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The Four Jhanas of the Sublime Abodes may be developed in Sixteen Combinations.


The Jhana of Foul Things (a subha-jhanam.)]

[263] Which are the states that are good?

When, that he may attain to the heavens of Form, he cultivates the way thereto, and so, aloof from sensuous appetites, aloof from evil ideas, enters into and abides in the First Jhana, wherein, etc. . . . and which is accompanied by the idea of a bloated corpse1

[or] [264] of a discoloured corpse [or] of a festering corpse.

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[or] of a corpse with cracked skin. . .
[or] of a corpse gnawn and mangled
[or] of a corpse cut to pieces...

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[or] of a corpse mutilated and cut in pieces
[or] of a bloody corpse. . .

[or] of a corpse infested with worms
[or] of a skeleton

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then the contact . . . the balance which arises-these are states that are good.2

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1 The formula of the First Jhana is understood to be repeated in the case of each of the ten Asubhas, but of the First only. For, in the words of the Cy. (p. 199), 'just as on a swiftly-flowing river a boat can only be steadied by the power of the rudder, so from the weakness (dubbalatta) of the idea (in this case) the mind can only be steadied in its abstraction by the power of conceptual activity (vitakko).' And this activity is dispensed with after the First Jhana.

For a more detailed account of this peculiar form of moral discipline, the reader is again referred to the Visuddhi Magga (chap. vi.). Hardy (East. Mon.'), who quotes largely from the Sinhalese commentary on the Visuddhi Magga, may also be consulted (p. 247 et seq.). In the Satipatthana Sutta (D. 22. C. Warren, Buddhism in Transla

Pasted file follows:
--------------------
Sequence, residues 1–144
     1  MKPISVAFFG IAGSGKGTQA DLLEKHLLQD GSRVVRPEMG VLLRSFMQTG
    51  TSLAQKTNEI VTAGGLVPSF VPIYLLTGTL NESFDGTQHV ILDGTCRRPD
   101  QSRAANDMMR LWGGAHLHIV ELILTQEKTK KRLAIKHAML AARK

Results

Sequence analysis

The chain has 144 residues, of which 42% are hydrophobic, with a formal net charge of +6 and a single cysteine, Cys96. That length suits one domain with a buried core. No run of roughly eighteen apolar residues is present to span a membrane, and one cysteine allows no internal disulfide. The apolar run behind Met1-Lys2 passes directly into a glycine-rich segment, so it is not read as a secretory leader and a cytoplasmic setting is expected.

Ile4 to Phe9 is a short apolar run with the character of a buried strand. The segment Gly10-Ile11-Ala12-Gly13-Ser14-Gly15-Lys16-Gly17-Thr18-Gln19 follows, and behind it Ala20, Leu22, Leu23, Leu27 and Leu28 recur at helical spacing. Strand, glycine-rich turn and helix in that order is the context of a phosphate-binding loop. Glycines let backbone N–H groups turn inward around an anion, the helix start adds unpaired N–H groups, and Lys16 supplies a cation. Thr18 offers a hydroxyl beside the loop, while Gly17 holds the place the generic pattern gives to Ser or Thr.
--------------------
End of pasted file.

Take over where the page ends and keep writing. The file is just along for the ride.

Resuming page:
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The Jhana of Foul Things may be developed in Sixteen Combinations.

[Here ends the Chapter on] Good in relation to the Universe of Form.

tion,' p. 353 et seq.; and M.I. 58) a system of nine Asubhameditations is set out in terms somewhat different. In S. v. (pp. 129-131) five of the Asubhas, beginning with the skeleton' meditation, are prescribed in connexion with the sambhojjhangas of mindfulness and disinterestedness. And the same five are given in the Jhana Vagga of A. i. 42 (cf. A. iii. 323). The ten here given are said in the Cy. (pp. 197-199) to be prescribed for such as were proved to be passionately affected by the beauty of the body-of the figure, skin, odour, firmness or continuity, plumpness, limbs and extremities, symmetry, adornment, identifying self with the body, or complacency in the possession of it (?kaye mamattam; cf. S. N. 951), and teeth respectively. A dead body is not essential to this kind of mind-culture, the Cy. citing the cases of those Theras who obtained the requisite Jhana by the glimpse of a person's teeth, or by the sight of a rajah on his elephant. The essential procedure lay in getting a clear and courageous grasp of the transience of any living organism.


Good in relation to the Universe of the Formless (arupavacara-kusalam).

The Four Jhanas connected with Formless Existence (cattari arupajjhānāni).1

1. The Sphere of Unbounded Space (ā kā sānaǹcāyatanam).]

[265] Which are the states that are good?

1 These often appear in the Nikayas as the fourth to the seventh of the Eight Vimokhas or Deliverances (cf. §§ 248250; Mahā Par. Sutta, p. 30; A. iv. 306). Though treated of in the Visuddhi Magga (chap. iii.), Buddhaghosa only makes comparison with the account of them given in the Vibhanga. In S. iii. 237, and frequently in the Majjhima, they occur in immediate sequence to the four Jhanas without any collective title, and not as concomitants of the Fourth Jhana. There, too, the formulæ also have this slight variation from those in the present work, that the conscious attainment of each stage of abstraction is expressed by a brief proposition of identification, e.g., ananto akaso ti .. n'atthi kinci ti (It is boundless space! . . . There is nothing whatever!). The Cy. explains this by a curious. quibble which is incidentally of interest (p. 204). It was the wish of the Buddha to carry out, as in previous procedure so in this, the study of the Four Objects of Thought arammaṇāni; see above, passim, under (d)]. And the first of these is that one's object is limited.' But if the student, in attaining to an undifferentiated consciousness of unbounded space, realize its nature by the, so to speak, exclamatory thought, It is boundless! he cannot logically proceed to consider it as limited. If I interpret Buddha